Tegnell’s response was curt, claiming that the figures cited by his critics were marred by “a number of fundamental errors”. As is his wont, he drew upon technical qualifications to debunk the data, noting the line that country comparisons were always risky and deceptive propositions. “The death figures they quote are incorrect, they do not match the Swedish death figures.” Italy’s figures, for instance, only covered deaths in hospitals.
There is a certain brutal emphasis in the Swedish approach, an acceptance that a degree of suffering must be endured to reach sustainable levels of safety. The Swedish death toll from COVID-19 stands at over 2,600. Sweden’s National Board of Health and Welfare has also published its own set of figures suggesting that those of the PHA might be 10 per cent lower than they should be.
All methods employed so far have been devastating to limb, life and economy; what makes Tegnell’s different here is the long run, one which will keep the financiers and market watchers happy. Finland’s Osmo Soininvaara, a former minister and member of the Helsinki City Council, sees more merit in it than his current colleagues. In his view, “once the coronavirus crisis is over, the number of deaths in Sweden and Finland is the same. The difference is that in Sweden the death toll has been reached faster. And our economy is in ruins, but the Swedish one will be the strongest in Europe”.
Praise and support for Tegnell can also be found among the Scandinavian neighbours. In Norway, epidemiologist Eiliv Lund has accused his counterparts of simply “pushing the problem out in front of us”. The Swedish approach had the merits of ensuring a higher infection rate “and thus a higher immunity.” Danish epidemiologist Christian Wejse lauds Tegnell’s infection formula, suggesting that the number of immune Swedes might be triple those of Danes. This would mean that Sweden “will be in a better situation if there’s a new wave.”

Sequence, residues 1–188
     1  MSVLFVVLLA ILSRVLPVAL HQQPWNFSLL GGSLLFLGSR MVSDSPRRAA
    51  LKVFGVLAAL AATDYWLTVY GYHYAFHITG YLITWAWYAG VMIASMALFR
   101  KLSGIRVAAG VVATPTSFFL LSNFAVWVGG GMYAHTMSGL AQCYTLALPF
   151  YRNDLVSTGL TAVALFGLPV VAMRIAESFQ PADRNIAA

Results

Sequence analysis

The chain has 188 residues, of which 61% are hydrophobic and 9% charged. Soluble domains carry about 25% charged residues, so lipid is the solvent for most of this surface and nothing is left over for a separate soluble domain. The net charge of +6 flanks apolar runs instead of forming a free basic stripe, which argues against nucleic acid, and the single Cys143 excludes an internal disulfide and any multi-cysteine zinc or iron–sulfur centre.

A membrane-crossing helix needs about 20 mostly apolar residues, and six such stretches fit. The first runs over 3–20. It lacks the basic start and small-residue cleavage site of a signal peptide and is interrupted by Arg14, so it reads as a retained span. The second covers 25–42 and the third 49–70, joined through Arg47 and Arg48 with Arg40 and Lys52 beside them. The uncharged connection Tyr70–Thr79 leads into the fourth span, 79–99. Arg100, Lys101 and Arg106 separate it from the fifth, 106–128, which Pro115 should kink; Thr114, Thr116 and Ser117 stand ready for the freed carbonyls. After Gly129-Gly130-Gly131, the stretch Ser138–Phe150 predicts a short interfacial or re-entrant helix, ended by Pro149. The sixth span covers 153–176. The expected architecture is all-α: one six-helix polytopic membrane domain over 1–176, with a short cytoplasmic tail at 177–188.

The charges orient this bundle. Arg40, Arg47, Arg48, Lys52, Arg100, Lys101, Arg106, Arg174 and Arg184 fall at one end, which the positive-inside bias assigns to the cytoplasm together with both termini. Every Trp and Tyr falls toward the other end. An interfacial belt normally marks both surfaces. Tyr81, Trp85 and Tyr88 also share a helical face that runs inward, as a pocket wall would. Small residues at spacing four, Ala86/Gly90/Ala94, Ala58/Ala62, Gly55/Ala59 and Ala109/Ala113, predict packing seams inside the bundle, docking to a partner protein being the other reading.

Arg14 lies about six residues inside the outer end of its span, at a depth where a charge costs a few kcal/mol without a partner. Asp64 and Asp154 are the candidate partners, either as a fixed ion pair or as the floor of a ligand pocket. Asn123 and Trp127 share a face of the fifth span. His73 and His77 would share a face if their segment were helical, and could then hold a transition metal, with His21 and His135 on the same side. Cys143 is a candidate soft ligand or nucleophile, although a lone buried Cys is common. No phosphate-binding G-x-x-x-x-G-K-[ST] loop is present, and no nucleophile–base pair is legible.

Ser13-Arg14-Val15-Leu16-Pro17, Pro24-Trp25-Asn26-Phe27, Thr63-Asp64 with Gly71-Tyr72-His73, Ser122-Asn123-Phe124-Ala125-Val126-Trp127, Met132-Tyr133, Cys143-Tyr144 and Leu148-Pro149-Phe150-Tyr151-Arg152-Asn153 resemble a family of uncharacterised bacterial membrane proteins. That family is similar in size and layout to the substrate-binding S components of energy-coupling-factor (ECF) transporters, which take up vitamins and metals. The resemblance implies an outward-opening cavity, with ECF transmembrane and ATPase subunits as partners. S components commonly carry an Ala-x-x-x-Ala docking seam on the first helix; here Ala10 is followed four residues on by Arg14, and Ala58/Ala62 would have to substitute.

The Swedish model is being saluted from the stands of the corporate-friendly New York Times, with the consistently shallow Thomas L. Friedman touting its virtues. He does, however, concede that responding to pandemics presents us with only “different hellish ways”.
Whatever Tegnell and his trusted underlings in the Swedish Public Health Agency claim, the herd immunity presumption has its fair share of dangers. Questioning the relative figures of other countries and their various measures has intellectual merit; embracing the herd immunity model, however, may not. As the authors of an article recently published by The Lancet warn, “There is no certainty as to the immunological correlates of antiviral protection or the proportion of the population who must attain them, making it impossible to identify a point when this level of immunity has been reached.”
There is also uncertainty over whether, on being cleared of the virus, reinfection can take place. Last month, over 260 COVID-19 patients in South Korea were reported to have tested positive, suggesting that grim possibility. The explanation offered since is that the method of detecting the coronavirus – polymerase chain reaction (PCR) – fails to distinguish between genetic material (RNA or DNA) from the infectious virus proper and lingering fragments present in the body after recovery. The herd immunity advocates, it seems, still have stilts to stand on, even if they find support among a good number of corpses.
Dr. Binoy Kampmark was a Commonwealth Scholar at Selwyn College, Cambridge. He lectures at RMIT University, Melbourne. Email: firstname.lastname@example.org